For our second problem, I added the attribute mozallowfullscreen=true to the mochitest iframe that runs all tests.
I’m not sure if there was a specific reason for not allowing fullscreen on the mochitest iframe, but if it wasn’t it will simplify a lot writing tests for pointerlock
Bug 728893

Spec Updates

The spec had two major changes

  1. Switching from callbacks to events
  2. Moving functionality to the Document and Element

For example:
Everytime the pointer is locked/unlocked a mozpointerchange event will be dispatched to the document
A mozpointererror event will be dispatched if there are any errors while locking the pointer
Now It’s possible to access the element with the pointer locked via the document

 var div = document.createElement("div");

document.addEventListener("mozpointerlockchange", function (e) {  
 if (document.mozPointerLockElement === div) {  
 // Pointer is locked  
 }, false);

document.addEventListener("mozpointerlockerror", function (e) {

}, false);

document.addEventListener("mozfullscreenchange", function (e) {  
 if (document.mozFullScreen &&  
 document.mozFullScreenElement === div) {  
 }, false);


Instead of something like this:

 var div = document.createElement("div");

div.addEventListener("mozpointerlocklost", function (e) {  
 // Dispatched when pointer is unlocked  
 }, false);

document.addEventListener("mozfullscreenchange", function (e) {  
 if (document.mozFullScreen &&  
 document.mozFullScreenElement === div) {  
 div, // Element  
 function () {  
 // Success callback  
 function () {  
 // Failure callback  
 }, false);


Updating PointerLock API - Callbacks, Events and Threads

The PointerLock implementation of Firefox is going great, we are close to having the patch ready to land, maybe Firefox 13.

The work being done now is mainly some final touches, specially on the mochitests and on the API.

Recently the W3C PointerLock spec has been updated, the changes are the following:

  • When locking the mouse, dispatch pointerlockchange/pointerlockerror events instead of firing callbacks
  • Locking the pointer by requesting pointer lock on the target element
  • Adding a reference to the locked element in the Document
  • Exiting pointerlock by calling exitPointerLock on the Document

Those were significant changes, since it affected a big chunk of the code we had it implemented. However, I believe these updates to the API are beneficial, since with them developers will have an API similar to the fullscreen to work with.

The first bit I started working on was to dispatch the pointerlockchange/pointerlockerror instead of callbacks.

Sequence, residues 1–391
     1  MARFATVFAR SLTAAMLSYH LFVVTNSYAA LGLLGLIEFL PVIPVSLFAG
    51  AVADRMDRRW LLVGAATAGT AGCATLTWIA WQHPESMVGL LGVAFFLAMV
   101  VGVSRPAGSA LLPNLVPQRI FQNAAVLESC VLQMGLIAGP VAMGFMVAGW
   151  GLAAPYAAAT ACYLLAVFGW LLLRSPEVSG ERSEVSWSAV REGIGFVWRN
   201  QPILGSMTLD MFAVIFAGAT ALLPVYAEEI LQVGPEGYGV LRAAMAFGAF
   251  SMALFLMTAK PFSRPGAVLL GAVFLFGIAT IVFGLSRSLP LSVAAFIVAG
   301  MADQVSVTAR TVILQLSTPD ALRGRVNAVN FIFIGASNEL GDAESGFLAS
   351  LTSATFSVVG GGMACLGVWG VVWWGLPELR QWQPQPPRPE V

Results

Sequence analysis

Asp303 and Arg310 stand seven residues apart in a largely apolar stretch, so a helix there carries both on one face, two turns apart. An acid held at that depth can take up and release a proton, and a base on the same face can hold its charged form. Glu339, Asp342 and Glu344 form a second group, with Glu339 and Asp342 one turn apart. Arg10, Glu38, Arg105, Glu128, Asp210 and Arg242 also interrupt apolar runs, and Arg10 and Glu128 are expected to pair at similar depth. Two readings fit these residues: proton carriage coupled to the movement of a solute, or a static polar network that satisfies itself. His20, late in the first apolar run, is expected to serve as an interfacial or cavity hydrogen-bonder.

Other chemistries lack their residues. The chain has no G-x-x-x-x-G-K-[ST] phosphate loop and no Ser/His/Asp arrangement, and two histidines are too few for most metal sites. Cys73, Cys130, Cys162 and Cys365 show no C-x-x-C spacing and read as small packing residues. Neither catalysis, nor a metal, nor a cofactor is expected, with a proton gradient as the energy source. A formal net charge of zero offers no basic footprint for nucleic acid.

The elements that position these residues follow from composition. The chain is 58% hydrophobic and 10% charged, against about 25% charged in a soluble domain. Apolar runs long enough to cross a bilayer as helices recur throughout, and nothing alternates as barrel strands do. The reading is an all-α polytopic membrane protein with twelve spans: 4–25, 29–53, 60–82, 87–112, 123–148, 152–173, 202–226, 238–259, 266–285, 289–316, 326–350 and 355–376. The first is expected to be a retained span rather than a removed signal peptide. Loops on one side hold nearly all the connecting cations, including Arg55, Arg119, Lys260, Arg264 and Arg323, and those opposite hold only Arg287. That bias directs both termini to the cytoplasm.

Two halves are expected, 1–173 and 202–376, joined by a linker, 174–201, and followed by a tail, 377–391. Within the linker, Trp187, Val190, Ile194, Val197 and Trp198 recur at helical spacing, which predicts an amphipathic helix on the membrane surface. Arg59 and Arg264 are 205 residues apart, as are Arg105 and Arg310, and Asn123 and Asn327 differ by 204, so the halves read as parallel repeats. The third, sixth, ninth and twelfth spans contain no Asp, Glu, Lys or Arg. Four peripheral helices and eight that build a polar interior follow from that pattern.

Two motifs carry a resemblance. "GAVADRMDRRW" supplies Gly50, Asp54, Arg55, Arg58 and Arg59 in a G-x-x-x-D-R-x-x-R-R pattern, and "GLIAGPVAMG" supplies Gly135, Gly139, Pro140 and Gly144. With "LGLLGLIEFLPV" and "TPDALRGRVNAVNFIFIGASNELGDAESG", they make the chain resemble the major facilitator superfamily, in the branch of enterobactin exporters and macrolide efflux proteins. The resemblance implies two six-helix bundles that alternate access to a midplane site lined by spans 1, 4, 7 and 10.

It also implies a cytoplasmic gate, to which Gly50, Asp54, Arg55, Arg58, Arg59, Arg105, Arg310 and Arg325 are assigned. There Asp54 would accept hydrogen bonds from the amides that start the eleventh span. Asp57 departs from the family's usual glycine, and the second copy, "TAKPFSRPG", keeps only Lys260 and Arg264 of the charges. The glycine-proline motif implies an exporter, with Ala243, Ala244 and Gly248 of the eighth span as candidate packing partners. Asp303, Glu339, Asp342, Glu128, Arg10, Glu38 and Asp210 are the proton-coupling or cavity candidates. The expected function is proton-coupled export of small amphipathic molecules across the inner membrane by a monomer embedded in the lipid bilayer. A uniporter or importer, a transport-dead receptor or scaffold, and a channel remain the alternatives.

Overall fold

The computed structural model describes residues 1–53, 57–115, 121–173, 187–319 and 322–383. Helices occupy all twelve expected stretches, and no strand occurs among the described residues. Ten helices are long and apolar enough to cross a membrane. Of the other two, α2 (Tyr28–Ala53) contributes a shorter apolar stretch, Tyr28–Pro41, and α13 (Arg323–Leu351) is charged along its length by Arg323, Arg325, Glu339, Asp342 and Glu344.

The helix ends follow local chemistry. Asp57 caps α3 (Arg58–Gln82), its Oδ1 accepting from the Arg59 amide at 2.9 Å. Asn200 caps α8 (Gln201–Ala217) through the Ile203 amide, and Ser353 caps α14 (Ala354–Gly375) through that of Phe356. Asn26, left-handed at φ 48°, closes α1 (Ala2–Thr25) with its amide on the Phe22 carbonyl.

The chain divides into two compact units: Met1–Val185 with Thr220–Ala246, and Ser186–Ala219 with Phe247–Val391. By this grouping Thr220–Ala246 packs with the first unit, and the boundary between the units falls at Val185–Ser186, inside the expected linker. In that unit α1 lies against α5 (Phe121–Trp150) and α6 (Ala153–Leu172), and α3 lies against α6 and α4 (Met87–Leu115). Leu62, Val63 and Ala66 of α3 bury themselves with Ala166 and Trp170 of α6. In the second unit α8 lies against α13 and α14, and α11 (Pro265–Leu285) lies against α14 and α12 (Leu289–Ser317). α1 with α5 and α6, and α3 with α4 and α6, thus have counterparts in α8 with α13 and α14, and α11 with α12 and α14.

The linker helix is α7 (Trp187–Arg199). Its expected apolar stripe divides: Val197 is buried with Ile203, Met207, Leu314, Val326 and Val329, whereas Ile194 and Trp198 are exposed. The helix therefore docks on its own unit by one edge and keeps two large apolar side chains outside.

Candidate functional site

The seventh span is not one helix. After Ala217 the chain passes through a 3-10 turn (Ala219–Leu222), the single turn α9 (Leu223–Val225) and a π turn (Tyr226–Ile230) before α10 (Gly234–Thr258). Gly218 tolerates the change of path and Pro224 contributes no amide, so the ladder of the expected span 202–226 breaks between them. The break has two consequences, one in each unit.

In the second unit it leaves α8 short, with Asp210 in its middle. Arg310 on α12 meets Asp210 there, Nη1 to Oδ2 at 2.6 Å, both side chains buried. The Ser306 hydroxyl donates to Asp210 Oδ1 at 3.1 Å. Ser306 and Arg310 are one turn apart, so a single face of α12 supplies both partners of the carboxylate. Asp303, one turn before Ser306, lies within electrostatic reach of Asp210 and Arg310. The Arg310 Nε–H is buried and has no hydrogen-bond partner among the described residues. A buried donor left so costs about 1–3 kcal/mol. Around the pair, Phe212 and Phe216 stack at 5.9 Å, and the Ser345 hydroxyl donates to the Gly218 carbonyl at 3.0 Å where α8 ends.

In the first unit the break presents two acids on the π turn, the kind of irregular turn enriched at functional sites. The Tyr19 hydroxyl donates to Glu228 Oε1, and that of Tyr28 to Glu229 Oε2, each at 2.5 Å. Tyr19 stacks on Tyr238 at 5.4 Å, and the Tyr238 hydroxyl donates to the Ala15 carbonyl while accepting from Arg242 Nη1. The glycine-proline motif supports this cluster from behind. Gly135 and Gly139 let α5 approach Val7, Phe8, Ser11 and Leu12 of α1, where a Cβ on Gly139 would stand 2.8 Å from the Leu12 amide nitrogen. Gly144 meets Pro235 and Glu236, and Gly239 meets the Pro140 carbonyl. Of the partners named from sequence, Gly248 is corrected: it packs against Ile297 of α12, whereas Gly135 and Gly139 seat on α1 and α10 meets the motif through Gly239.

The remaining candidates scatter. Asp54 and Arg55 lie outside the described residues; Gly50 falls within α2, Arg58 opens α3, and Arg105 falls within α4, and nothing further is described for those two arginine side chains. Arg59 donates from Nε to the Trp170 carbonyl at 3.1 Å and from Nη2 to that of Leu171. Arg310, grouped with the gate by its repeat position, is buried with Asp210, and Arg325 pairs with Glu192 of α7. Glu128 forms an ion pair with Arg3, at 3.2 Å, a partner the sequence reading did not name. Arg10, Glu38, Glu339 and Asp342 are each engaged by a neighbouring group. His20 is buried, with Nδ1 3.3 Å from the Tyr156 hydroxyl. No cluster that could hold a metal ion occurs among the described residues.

To Dispatch the events, the nsAsyncDOMEvent object was used:

 static void  
 DispatchPointerLockChange(nsINode* aTarget)  
 nsRefPtr e =  
 new nsAsyncDOMEvent(aTarget,  

Same logic to dispatch the pointerlockerror and pointerlocklost

One of the good things about having to go back and rewrite some code, is the fact that opens the possibility to analyse some of the decisions made before.
Specifically in this case, the use of different threads when locking the pointer.
At first, the callbacks were being fired on a different thread so the execution wouldn’t hang, and the Lock method would be able to return as soon as possible and not make the user wait for a result.

Before, the logic for callbacks was mainly based off the nsGeoLocation implementation. However, now with the pointerlock API looking more like the fullscreen api I went and looked how they handle setting the element into fullscreen.
I had written a blog post a while back inspecting the fullscreen API, so even with the API receiving some changes it was easy to locate the code path for requesting fullscreen on an element.

Here is a simple diagram I drew

The diagram shows that once mozRequestFullScreen is called on an element, the method returns really fast and all the heavy processing happens on a separate thread.

On the other hand, this is how PointerLock does it:

On PointerLock, different from the FullScreen, the heavy processing happens on the main thread, and the new thread only handles the callback firing. Now switching to events, even less processing happens on the new thread, so that made me rethink the logic for locking the pointer.

I remember hearing that all the code that involves changing the presentation, it needs to happen on the main thread, so maybe that’s why we’re not spinning the pointerlock check/validation to another thread, since it involves changing the UI presentation by hiding the pointer if the lock is successful.

Another thing that caught my attention was the fact that on the fullscreen code, the nsCallRequestFullScreen object was dispatched to a new thread using NSDispatchToCurrentThread and on PointerLock we are using NSDispatchToMainThread

nsThreadManager::GetCurrentThread NS_DispatchToMainThread